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How Can DC Building Owners Comply With The City’s New Energy Performance Standards?

Updated: Sep 13, 2023


Next to “DC,” there are no initials higher up in the minds of Washington commercial real estate building owners than “BEPS.” These letters stand for DC’s new Building Energy Performance Standards program, which builds on benchmarking requirements the district implemented in 2015.


These standards have been constructed around the median Energy Star score for buildings, which measures how efficiently a building is using energy. Starting in 2021, all DC buildings 50K SF or greater must comply with these standards or face consequences. The first compliance cycle began Jan. 1 and ends Dec. 31, 2026. By the third compliance cycle, all buildings 10K SF or greater will be expected to comply.


“These standards were born out of the DC Clean Energy Act and were developed based on the idea that, because most of DC’s energy use comes from commercial buildings, a reduction on a citywide scale is possible and necessary,” Boland Energy Performance Engineer Jessica Cremen said.


Cremen and her team at Boland have been working to help building owners and developers comply with these new standards. Bisnow recently sat down with her to learn more about how building owners can prepare, what the consequences could be if they don’t comply and what BEPS means for the future of DC buildings.


Bisnow: Can you tell me a bit more about the BEPS program and what it means for DC buildings?


Cremen: There are six-year phases to this program, and each phase will require buildings to continually reduce their energy use. We are currently in Phase 1, which means that every privately owned building over 50K SF and every DC government-owned building over 10K SF must be benchmarking its data through the Energy Star Portfolio Manager. This means having their electric and gas bills documented in a portfolio on the Energy Star website.


Most DC buildings are actually already compliant, which is great. The buildings that are not compliant will have to work to meet these requirements by reducing their energy use. There are also alternative pathways to compliance if the scores aren't possible. For example, office buildings will need a score of 71, so if you're starting out with, say, a 14, you’re probably not going to get to a 71 by the end of Phase 1, but the Department of Energy and Environment is really willing to work with buildings in any way that they can.


Bisnow: What sort of penalties will buildings be facing if they don't comply?


Cremen: The penalties are based on the building’s square footage. A 50K SF building would have to pay a $500K fine, while a 200K SF building would be fined closer to $5M. The fines, however, will be adjusted based on how close buildings get to the reduction standards set by the program. So if buildings get 50% of the way there, for example, maybe a 10% reduction in energy usage, it's half of the fine. It's not just all or nothing.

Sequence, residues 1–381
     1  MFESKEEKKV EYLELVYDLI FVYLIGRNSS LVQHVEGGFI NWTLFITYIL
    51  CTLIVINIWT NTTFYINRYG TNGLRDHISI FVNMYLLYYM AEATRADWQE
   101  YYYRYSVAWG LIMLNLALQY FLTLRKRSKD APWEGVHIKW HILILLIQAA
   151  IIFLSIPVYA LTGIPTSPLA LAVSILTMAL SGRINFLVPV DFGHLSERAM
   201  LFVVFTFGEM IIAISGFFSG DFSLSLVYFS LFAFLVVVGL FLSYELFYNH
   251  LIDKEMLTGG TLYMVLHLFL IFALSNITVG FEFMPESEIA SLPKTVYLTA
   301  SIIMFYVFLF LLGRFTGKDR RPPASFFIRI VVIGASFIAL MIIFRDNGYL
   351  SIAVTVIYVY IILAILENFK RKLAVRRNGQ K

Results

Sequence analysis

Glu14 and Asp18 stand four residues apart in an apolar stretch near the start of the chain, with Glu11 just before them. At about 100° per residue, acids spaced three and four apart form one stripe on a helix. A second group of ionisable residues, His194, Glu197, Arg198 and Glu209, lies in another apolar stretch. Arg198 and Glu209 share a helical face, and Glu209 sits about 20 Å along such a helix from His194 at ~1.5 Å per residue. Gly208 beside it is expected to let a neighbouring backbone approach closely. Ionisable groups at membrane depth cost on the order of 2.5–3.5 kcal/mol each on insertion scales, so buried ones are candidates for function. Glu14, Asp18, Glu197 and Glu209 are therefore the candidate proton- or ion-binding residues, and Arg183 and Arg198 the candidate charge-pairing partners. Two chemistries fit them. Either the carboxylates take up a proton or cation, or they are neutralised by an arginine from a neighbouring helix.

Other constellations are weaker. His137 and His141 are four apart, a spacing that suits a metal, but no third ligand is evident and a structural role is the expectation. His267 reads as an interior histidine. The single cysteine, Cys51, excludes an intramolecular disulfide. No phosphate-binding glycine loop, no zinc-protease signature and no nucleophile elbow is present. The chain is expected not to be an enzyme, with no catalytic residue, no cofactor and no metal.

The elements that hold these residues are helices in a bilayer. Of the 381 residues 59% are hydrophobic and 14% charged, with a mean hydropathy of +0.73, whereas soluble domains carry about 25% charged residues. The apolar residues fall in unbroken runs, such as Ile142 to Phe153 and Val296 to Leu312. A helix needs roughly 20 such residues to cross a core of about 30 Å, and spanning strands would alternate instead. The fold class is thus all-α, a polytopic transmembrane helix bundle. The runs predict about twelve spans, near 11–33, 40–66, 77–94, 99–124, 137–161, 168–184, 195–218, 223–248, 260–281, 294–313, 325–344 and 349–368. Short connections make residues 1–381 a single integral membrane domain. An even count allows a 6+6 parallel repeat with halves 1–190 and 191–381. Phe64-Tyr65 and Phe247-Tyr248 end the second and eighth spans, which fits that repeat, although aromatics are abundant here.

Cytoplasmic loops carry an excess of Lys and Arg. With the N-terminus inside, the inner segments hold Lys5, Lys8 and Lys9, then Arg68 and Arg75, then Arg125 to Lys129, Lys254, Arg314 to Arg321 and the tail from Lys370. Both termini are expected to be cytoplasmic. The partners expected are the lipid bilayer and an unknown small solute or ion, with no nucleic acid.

Bisnow: What steps should owners of existing buildings take to retrofit their buildings to comply with the new program?


Cremen: First and foremost, building owners should consult with energy and legislation experts like Boland who have the resources to evaluate the energy implications of their current building design choices. They can work with companies like ours to implement what we will call a continuous improvement plan. This is where a building’s performance, from the HVAC equipment to the building as a whole, can be evaluated and continually modernized. We would look for places to reduce energy and give them a very specific pathway toward projects that would result in energy savings.


Our Applied Building Insights Team works with owners to perform quarterly analytics and makes recommendations for something as simple as adjusting setpoints to providing financial justification for equipment replacements to developing phased plans to attain specific sustainability targets. Project types include building automation systems upgrades or control upgrades, HVAC repairs or replacements, lighting upgrades and energy supply services — really anything that helps clients achieve their building goals.


Bisnow: What measures can developers of new properties take to ensure their buildings comply with the program?


Cremen: They should follow the same steps as owners of existing buildings — make sure they're using the latest and greatest technologies and a building automation system that is capable of controlling all major equipment with a variety of optimization sequences. This allows for the most versatility in operating the buildings. Again, this likely means consulting with a company such as Boland that has these resources to be able to evaluate the design choices being made and to implement a continuous commissioning plan.


Boland’s Applied Building Insights Team is set up to help buildings transition into this next phase of energy usage. We currently have ongoing relationships with all of our DC clients where we help them benchmark their data in the Energy Star Portfolio Manager. We perform quarterly analytics using an equipment-level analysis and a general building analysis to provide recommendations. This streamlines the entire process, reducing the compliance burden for building owners and operators.


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